Don’t let the photo fool you—Standing Lincoln (1912) by artist Daniel Chester French is only about 37 inches tall. The sculpture served as a model for a 9-foot-tall memorial the artist created for the grounds of the State Capitol in Lincoln, Nebraska. With funds provided by the state legislature, the Lincoln Centennial Memorial Association commissioned the statue on the occasion of the 100th anniversary of the 16th U.S. presidents birthday. French’s sculpture depicts Lincoln delivering the Gettysburg Address; in that speech, made during the Civil War, he rallied for continued resolve in the Union battle for national unity and the abolition of slavery. French explained that he “purposely tried to represent Lincoln as bearing the burdens and perplexities and problems of the Great War.” The success of Standing Lincoln led to French’s subsequent commission for the monumental sculpture in the Lincoln Memorial in Washington D.C., which was completed in 1922. In celebration of Lincoln’s birthday, see the work in Where We Are: Selections from the Whitney’s Collection, 1900–1960

[Daniel Chester French (1850-1931), Standing Lincoln, 1912. Bronze, 37 ½ x 10 3/8 in. (95.3 x 33 x 26.4 cm). Whitney Museum of American Art, New York; gift of Gertrude Vanderbilt Whitney 31.25]

Go to Source
Author:
The Whitney in New York houses one of the world’s foremost collections of modern and contemporary American art.
Go to Source
Author:
Don’t let the photo fool you—Standing Lincoln (1912) by artist…Don’t let the photo fool you—Standing Lincoln (1912) by artist…Don’t let the photo fool you—Standing Lincoln (1912) by artist…Don’t let the photo fool you—Standing Lincoln (1912) by artist…Don’t let the photo fool you—Standing Lincoln (1912) by artist…

Don’t let the photo fool you—Standing Lincoln (1912) by artist Daniel Chester French is only about 37 inches tall. The sculpture served as a model for a 9-foot-tall memorial the artist created for the grounds of the State Capitol in Lincoln, Nebraska. With funds provided by the state legislature, the Lincoln Centennial Memorial Association commissioned the statue on the occasion of the 100th anniversary of the 16th U.S. presidents birthday. French’s sculpture depicts Lincoln delivering the Gettysburg Address; in that speech, made during the Civil War, he rallied for continued resolve in the Union battle for national unity and the abolition of slavery. French explained that he “purposely tried to represent Lincoln as bearing the burdens and perplexities and problems of the Great War.” The success of Standing Lincoln led to French’s subsequent commission for the monumental sculpture in the Lincoln Memorial in Washington D.C., which was completed in 1922. In celebration of Lincoln’s birthday, see the work in Where We Are: Selections from the Whitney’s Collection, 1900–1960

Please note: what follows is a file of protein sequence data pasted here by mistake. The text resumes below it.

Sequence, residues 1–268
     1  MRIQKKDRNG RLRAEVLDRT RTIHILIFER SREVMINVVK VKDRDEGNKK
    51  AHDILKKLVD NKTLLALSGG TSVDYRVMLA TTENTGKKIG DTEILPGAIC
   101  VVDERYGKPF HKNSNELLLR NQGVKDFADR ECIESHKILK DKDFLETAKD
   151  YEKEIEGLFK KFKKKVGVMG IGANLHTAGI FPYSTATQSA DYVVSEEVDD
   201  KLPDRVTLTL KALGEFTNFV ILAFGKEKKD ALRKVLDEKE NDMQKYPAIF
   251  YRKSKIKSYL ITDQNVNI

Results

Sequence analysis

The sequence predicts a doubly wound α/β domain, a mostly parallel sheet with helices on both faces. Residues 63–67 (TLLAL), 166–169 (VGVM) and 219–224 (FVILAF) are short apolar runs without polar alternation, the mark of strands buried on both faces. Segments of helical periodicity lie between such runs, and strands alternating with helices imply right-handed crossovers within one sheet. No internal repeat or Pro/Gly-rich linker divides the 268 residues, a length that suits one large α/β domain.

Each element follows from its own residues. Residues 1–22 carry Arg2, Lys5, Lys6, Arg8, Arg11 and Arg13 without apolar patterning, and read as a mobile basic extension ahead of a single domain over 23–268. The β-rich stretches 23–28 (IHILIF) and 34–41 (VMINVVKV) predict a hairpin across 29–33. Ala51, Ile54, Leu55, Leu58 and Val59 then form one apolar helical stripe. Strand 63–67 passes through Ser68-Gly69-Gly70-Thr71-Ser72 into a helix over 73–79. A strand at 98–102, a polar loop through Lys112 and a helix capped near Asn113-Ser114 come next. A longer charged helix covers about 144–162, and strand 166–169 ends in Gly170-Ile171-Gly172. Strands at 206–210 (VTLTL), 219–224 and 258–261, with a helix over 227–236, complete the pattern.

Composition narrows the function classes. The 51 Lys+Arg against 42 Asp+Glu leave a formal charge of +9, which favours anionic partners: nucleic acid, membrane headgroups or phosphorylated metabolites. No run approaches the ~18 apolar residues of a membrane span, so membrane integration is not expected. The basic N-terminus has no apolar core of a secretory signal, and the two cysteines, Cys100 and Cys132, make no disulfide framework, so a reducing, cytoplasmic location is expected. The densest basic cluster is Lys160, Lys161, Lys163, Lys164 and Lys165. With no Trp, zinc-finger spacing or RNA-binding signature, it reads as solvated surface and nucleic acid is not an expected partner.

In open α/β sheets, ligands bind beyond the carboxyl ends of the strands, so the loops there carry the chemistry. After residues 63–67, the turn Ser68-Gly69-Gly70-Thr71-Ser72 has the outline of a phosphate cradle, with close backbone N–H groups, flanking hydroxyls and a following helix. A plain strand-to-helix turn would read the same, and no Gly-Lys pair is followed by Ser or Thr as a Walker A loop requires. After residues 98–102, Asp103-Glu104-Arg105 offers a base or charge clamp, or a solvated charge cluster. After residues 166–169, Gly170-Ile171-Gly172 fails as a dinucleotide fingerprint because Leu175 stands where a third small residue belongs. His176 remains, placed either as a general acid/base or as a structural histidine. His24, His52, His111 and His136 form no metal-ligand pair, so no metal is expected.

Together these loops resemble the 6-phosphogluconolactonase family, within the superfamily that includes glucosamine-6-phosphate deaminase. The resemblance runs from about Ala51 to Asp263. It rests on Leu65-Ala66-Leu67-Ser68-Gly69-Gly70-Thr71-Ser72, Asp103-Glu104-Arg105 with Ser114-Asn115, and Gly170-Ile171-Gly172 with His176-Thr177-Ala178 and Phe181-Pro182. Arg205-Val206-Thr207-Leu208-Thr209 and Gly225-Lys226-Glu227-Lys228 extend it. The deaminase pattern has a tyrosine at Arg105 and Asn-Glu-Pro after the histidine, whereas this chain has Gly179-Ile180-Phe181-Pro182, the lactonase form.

[Daniel Chester French (1850-1931), Standing Lincoln, 1912. Bronze, 37 ½ x 10 3/8 in. (95.3 x 33 x 26.4 cm). Whitney Museum of American Art, New York; gift of Gertrude Vanderbilt Whitney 31.25]

Don’t let the photo fool you—Standing Lincoln (1912) by artist Daniel Chester French is only about 37 inches tall. The sculpture served as a model for a 9-foot-tall memorial the artist created for the grounds of the State Capitol in Lincoln, Nebraska. With funds provided by the state legislature, the Lincoln Centennial Memorial Association commissioned the statue on the occasion of the 100th anniversary of the 16th U.S. presidents birthday. French’s sculpture depicts Lincoln delivering the Gettysburg Address; in that speech, made during the Civil War, he rallied for continued resolve in the Union battle for national unity and the abolition of slavery. French explained that he “purposely tried to represent Lincoln as bearing the burdens and perplexities and problems of the Great War.” The success of Standing Lincoln led to French’s subsequent commission for the monumental sculpture in the Lincoln Memorial in Washington D.C., which was completed in 1922. In celebration of Lincoln’s birthday, see the work in Where We Are: Selections from the Whitney’s Collection, 1900–1960

[Daniel Chester French (1850-1931), Standing Lincoln, 1912. Bronze, 37 ½ x 10 3/8 in. (95.3 x 33 x 26.4 cm). Whitney Museum of American Art, New York; gift of Gertrude Vanderbilt Whitney 31.25]

Don’t let the photo fool you—Standing Lincoln (1912) by artist…

Powered by WPeMatico